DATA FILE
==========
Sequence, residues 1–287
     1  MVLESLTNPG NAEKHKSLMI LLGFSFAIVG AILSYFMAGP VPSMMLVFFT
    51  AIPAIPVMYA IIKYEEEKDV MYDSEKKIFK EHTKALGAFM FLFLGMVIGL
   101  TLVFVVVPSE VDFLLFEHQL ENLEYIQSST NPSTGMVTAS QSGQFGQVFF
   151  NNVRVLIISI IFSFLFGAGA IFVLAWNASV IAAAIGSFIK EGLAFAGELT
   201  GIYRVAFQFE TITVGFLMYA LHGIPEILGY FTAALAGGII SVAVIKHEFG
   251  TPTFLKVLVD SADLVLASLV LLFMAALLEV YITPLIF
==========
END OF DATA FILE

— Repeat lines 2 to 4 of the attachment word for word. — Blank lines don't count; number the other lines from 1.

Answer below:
     1  MVLESLTNPG NAEKHKSLMI LLGFSFAIVG AILSYFMAGP VPSMMLVFFT
    51  AIPAIPVMYA IIKYEEEKDV MYDSEKKIFK EHTKALGAFM FLFLGMVIGL
   101  TLVFVVVPSE VDFLLFEHQL ENLEYIQSST NPSTGMVTAS QSGQFGQVFF